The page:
Several cases have come out recently relating to "governing law and jurisdiction."
LIVONIA PROPERTY HOLDINGS, L.L.C., v 12840-12976 FARMINGTON ROAD HOLDINGS, L.L.C., 717 F.Supp.2d 724 (E.D.Mich. 2010)
LARRY R. TALTON and STACIE C. TALTON, v BAC HOME LOANS SERVICING LP, No. 11-14512, United States District Court, Eastern District of Michigan, Southern Division
It is true that the Livonia Properties opinion contains the statement that "there is ample authority to support the proposition that 'a litigant who is not a party to an assignment lacks standing to challenge that assignment, '" Livonia Properties, 399 F. App'x at 102 (quoting Livonia PropertiesHoldings, LLC v. 12840-12976 Farmington Road Holdings, LLC, 717 F.Supp.2d 724, 736-37 (E.D. Mich. 2010)); but when read carefully the case does not stand for such a general and unqualified position. The Court believes, therefore, that Livonia Properties does not compel the conclusion that a foreclosure plaintiff can never attack the foreclosure by challenging the validity of an underlying assignment.
BANK OF AMERICA NATIONAL ASSOCIATION v BASSMAN FBT, L.L.C., and MAXIMUM MANAGEMENT, LLC, 2012 IL App (2d) 110729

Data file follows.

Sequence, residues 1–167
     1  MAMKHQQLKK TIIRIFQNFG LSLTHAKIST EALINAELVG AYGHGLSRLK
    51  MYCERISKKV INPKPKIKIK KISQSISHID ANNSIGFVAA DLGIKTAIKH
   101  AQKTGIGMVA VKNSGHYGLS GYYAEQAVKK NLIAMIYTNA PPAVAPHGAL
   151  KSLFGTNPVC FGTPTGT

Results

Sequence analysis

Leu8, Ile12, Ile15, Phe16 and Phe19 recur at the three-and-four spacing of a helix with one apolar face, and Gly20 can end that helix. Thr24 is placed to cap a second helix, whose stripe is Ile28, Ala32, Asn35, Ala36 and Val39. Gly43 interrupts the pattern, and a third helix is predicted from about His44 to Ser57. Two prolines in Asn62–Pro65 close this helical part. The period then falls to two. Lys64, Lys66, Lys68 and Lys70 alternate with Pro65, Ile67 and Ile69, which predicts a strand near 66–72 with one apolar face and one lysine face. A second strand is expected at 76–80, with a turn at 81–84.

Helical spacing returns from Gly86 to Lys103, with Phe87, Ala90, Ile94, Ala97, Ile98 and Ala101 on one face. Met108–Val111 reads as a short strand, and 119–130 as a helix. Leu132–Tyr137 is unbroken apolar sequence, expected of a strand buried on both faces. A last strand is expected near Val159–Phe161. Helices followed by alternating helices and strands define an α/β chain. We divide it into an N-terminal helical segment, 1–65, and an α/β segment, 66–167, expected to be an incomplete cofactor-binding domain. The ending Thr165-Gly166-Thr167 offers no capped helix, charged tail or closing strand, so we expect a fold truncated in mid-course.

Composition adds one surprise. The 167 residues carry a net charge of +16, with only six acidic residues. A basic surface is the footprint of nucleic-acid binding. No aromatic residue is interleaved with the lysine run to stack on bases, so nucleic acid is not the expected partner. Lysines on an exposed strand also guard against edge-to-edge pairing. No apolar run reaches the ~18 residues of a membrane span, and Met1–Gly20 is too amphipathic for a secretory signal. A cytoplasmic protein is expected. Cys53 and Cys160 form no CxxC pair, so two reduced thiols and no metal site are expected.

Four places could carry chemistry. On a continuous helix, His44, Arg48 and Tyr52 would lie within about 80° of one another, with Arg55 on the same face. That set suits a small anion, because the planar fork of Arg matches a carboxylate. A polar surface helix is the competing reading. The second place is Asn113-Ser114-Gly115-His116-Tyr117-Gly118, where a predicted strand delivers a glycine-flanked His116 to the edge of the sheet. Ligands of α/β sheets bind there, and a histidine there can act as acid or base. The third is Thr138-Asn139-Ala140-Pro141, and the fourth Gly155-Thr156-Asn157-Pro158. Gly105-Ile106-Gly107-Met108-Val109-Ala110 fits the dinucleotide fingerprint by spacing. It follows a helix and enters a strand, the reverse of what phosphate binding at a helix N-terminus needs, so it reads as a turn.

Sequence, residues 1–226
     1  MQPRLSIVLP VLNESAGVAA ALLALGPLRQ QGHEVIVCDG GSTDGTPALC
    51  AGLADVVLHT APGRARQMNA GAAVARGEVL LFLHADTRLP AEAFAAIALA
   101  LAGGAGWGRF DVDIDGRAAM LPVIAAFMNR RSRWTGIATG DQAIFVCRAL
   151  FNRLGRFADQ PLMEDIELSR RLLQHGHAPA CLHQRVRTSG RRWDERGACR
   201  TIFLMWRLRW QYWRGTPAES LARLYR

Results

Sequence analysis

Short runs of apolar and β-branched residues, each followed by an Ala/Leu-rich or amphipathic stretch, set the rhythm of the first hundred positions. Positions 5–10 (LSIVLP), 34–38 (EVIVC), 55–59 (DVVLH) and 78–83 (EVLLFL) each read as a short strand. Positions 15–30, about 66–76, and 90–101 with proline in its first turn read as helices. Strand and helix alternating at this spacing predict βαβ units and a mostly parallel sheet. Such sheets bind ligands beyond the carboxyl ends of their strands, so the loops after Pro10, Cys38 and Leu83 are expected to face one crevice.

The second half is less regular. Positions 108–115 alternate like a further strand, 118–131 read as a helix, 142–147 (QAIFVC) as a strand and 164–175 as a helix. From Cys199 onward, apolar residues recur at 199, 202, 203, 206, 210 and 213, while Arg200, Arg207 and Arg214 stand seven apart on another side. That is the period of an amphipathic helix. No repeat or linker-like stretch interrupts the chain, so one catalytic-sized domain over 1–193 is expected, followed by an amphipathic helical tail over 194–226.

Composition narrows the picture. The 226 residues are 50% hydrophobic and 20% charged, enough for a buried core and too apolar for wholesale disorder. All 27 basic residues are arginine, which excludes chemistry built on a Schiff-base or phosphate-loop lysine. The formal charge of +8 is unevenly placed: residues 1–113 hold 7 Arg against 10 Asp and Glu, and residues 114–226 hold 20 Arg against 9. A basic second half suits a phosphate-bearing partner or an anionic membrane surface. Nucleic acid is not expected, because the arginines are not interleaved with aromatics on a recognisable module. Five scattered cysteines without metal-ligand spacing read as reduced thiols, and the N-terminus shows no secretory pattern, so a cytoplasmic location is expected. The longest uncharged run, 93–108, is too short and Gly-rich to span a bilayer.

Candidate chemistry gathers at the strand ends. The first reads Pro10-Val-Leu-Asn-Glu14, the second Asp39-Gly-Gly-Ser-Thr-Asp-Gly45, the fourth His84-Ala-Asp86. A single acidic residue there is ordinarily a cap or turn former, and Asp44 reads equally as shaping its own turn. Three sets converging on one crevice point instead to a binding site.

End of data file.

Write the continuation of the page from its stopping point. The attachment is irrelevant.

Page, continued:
We are cognizant that we have already concluded that defendants are not entitled to rely on the PSA's choice-of-law provision; however, we do not view the application of New York law under these circumstances as an invocation by defendants. Quite simply, plaintiff was a party to a transaction that took place under and contained a choice-of-law provision expressly contemplating the application of New York law. At oral argument, plaintiff suggested that the purportedly significant contacts between the transaction and this state should trump the parties' choice of law in the PSA. This is not the law. See Westchester Fire Insurance Co. v. G. Heileman Brewing Co., 321 Ill.App.3d 622, 628 (2000) (holding that choice-of-law principles control only in the absence of an effective choice-of-law provision). Indeed, giving effect to a choice-of-law provision only when it is consistent with choice-of-law rules would render such provisions ineffective, since they would apply only when (in this state) the most-significant-relationship test already selected the law of the jurisdiction chosen in the choice-of-law provision. Put differently, choice-of-law provisions exist to negate choice-of-law rules. In any event, by participating in transactions under the PSA, it is plaintiff's actions, rather than defendants', that make New York law applicable to this issue. We now turn to the issues raised by the parties.